- After 15th Week: Full Weight Bearing:• Walking with Cane or Crutch A walker is often used for the first several weeks to help your balance and to avoid falls. A cane or a crutch is then used for several more weeks until your full strength and balance skills have returned. Use the cane or crutch in the hand opposite the operated hip. You are ready to use a cane or single crutch when you can stand and balance without your walker, when your weight is placed fully on both feet, and when you are no longer leaning on your hands while using your walker.
- 16th Week onwards: Climbing Stairs:• Stair Climbing and Descending The ability to go up and down stairs requires both flexibility and strength. At first, you will need a handrail for support and you will only be able to go one step at a time. Always lead up the stairs with your good leg and down the stairs with your operated leg. Remember "up with the good" and "down with the bad." You may want to have someone help you until you have regained most of your strength and mobility. Do not try to climb steps higher than those of the standard height of seven inches and always use the handrail for balance.
22. What is my activity level after bone Repair?
When can I start playing sports again? Depending on the location and degree of bone damage formation of new bone during rehabilitation, you and your doctor will decide when you are ready to return to an active lifestyle based on your body’s speedy recovery.
23.How is my activity level measured after the implantation?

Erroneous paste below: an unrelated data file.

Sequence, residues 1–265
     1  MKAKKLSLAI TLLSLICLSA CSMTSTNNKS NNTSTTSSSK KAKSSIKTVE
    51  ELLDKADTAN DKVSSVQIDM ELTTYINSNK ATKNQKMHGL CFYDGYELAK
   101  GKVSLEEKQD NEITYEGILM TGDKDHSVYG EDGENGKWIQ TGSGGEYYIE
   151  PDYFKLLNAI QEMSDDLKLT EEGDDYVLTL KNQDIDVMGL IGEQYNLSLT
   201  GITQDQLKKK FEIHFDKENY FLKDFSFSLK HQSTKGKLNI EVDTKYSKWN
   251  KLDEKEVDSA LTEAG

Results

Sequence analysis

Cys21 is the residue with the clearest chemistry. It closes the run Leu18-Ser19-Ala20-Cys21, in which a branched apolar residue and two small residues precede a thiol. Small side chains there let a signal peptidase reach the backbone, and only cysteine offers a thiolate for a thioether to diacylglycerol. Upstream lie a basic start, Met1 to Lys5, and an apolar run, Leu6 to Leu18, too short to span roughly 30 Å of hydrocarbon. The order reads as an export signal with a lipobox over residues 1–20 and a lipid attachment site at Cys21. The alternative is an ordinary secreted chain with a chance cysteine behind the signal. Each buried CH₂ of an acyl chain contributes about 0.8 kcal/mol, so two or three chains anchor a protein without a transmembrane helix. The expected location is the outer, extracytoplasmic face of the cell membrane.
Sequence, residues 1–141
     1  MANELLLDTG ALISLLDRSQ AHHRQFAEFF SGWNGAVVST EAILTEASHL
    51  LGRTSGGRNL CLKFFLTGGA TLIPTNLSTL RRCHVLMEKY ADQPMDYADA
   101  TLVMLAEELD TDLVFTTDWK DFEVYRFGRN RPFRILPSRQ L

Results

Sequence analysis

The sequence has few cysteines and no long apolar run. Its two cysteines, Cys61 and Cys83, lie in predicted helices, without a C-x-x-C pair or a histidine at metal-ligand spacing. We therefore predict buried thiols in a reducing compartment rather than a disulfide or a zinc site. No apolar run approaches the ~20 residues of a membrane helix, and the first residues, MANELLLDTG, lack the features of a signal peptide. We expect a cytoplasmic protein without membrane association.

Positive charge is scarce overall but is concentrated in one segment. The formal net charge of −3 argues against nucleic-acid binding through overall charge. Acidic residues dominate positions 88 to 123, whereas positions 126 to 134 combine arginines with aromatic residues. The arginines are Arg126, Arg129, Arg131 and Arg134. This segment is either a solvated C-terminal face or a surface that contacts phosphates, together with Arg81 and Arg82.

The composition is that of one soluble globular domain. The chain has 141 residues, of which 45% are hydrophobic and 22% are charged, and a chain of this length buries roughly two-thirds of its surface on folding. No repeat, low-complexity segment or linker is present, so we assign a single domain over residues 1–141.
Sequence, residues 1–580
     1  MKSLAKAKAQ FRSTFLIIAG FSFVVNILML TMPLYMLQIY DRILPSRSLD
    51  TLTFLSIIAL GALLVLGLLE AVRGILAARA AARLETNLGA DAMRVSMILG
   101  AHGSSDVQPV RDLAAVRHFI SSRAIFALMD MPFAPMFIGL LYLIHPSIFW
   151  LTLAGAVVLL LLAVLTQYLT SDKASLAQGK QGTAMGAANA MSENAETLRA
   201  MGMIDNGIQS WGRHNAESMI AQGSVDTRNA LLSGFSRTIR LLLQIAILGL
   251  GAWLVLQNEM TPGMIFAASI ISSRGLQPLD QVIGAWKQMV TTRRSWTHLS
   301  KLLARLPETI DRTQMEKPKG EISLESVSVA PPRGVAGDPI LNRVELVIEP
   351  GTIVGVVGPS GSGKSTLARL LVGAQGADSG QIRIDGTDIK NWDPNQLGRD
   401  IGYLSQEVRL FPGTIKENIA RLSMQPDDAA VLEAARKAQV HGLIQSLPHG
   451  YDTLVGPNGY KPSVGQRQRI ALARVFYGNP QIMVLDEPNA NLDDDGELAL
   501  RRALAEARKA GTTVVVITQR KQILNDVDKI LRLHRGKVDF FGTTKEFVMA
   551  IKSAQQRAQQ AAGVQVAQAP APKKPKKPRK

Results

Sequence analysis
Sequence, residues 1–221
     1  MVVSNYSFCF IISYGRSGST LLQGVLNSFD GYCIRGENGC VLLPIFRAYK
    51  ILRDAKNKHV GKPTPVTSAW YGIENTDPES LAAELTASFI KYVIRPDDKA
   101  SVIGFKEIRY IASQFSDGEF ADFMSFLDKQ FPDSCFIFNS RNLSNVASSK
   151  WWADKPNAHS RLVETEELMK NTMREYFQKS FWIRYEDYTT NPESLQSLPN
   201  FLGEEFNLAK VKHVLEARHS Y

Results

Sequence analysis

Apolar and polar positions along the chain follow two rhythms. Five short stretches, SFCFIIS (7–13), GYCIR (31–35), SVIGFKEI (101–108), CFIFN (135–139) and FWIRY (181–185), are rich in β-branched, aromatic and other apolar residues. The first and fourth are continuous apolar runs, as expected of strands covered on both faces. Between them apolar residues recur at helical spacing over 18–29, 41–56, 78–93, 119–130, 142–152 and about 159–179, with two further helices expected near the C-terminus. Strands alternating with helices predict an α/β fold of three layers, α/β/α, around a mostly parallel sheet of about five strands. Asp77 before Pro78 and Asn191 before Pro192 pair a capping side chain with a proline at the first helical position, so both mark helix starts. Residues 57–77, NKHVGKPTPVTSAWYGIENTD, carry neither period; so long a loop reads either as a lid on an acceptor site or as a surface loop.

To assess the efficacy of the OSSRON implantation in AVN patients, Oxford Hip score (OHS) and Harris Hip score (HHS)is used to assess the quality of life, Visual analogue score to see the improvement in pain and bone regeneration based on X-ray/CT-scan/MRI are considered appropriate parameters. The OHS is a patient-centered questionnaire that is designed to assess functional ability and pain from the patient's perspective. In this study limitation to joint function and pain are assessed by using this self-assessment questionnaire from start until and after 6 months post implant. All patients generally show significant improvement in both pain and functional ability within 6 months of follow up period. HHS questionnaire is subject evaluation of domains of pain, function, activity, deformity, and motion. To know more about this, you can consult your doctor .
24. Can any orthopedic treat me with ABI therapy?
Only experienced orthopedists with extensive training in diagnosing and assessing Cartilage injuries of the knee that have clinical expertise with Ossron may perform the treatment.